Ann Arbor’s Art Scene Has a Pulse
“Great house! Thanks house!”
A crowd burgeoning on 150 people marches through the streets of Kerry Town. They are being led from the first house in what will turn into a 3-house art celebration. At the helm of the crowd stands Leg Champii, (Isaac Levine) he squeezes sultry notes out of an accordion while directing a rag tag marching band known as the Special Knees. This is Ann Arbor’s new Art Scene…
Known as the “TENET Collective,” the group is a tight knit community of visual artists, musicians, weirdo’s, and performers who are hell bent on creating vibrant and energetic events to create the art scene they want to see in Ann Arbor.
Last night on September 6th, TENET threw a sprawling art progressive that began at the “IT House” on Lawrence. Swaying to a dirty Talking Heads record, a mass of individuals swirled through the house admiring paintings and drawings by Hillary Butterworth, Katie Parks, and Will Bedell. Dylan Greene offered up handmade zines and performed bits and pieces of original spoken performances. By 10:55pm the hordes were organized and a march proceeded down Lawrence to State Street.
The massive crowd made its way to Ann Street to what is known as “The Fuck Boys Lair,” my small basement apartment. The basement filled up, becoming hot and humid and “BUT IS IT ART” a skate video allegedly filmed inside one self explanatory institution was premiered. On the walls hung a cluster of paintings by me, a triptych of tattoo inspired illustrations by Riley Hanson, and a series of narrative based art by Eli Stevick. After the video the crowd began chanting “Fire Hazard” and exited, passing performances by Rob Luzyinski and Stevick if they went out the back door.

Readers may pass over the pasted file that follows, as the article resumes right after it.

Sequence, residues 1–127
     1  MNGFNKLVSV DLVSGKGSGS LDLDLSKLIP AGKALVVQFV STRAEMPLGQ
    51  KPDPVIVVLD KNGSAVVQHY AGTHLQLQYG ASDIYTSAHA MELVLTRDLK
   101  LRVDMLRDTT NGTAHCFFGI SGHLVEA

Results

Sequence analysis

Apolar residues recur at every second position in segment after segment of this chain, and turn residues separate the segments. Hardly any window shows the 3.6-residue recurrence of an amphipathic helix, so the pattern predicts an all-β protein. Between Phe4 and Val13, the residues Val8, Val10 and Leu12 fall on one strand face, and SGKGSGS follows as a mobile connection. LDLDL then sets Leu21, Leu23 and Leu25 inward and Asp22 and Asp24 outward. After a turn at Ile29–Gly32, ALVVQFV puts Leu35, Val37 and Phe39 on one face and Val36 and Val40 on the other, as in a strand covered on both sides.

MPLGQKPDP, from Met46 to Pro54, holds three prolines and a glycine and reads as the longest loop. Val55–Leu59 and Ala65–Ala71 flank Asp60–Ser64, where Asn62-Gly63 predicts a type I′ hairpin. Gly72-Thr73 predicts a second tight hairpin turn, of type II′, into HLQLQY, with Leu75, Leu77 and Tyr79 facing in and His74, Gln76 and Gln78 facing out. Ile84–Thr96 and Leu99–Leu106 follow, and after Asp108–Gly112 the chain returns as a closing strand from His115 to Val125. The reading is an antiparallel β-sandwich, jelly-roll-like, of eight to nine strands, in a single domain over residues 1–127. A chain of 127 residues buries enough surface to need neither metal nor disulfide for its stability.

Leg Champii and the Special Knees then led the crowd to a parking garage to enjoy some industrial acoustics before leading the group to the final destination on Catherine. Matt Rosner invited everyone to bring his or her own lamps, and the house was surrounded in luminance ranging from IKEA to the handmade. At this point nearly 200 people danced, smoked, drank, and chatted on mattresses, cars, and various stoops. There was a palatable creative energy, which is often rare Ann Arbor, multiple people were heard saying “it felt like the start of something.”
By 1:00am two Ann Arbor Policemen showed up after more than a hand full of calls and noise complaints.
They were civil, yet asked that we quiet down, stop the music, and disperse our mob of lamp makers, artists, and musicians, into the night. We were agreeable…for a moment. The TUSKS Band, known best as TUSKS, had been set up since the early evening and were hungry to make sound. The cops had left saying that if they were to return, the house would face an immediate and minimum fine of 500 dollars, “…come back in 20 or 30 minutes - we’re gonna play…” They began around 1:55, improvising as quietly and as intimately as possible - performing for an audience of 8. One would think that as the audience slowly grew in number, as it did by trios and quartets, that the band, complete with a full PA, would grow in volume - but they restrained. Instead, TUSKS delivered one their most intriguingly musical and dynamic performances yet. They played for a room of 40 dedicated individuals who did not return to drink, or drug, or mack, but to sit on the ground, to keep quiet, to open their ears and their minds, and to listen.
TUSKS played 5 of their originals that they plan to release later this year.
And thoughe creative energy dispersed into the night, we will now all wait and see if this really was a sort of “start.”
ONE THING IS FOR CERTAIN: There will be many more of these events!
-NIKI WILLIAMS and DYLAN GREENE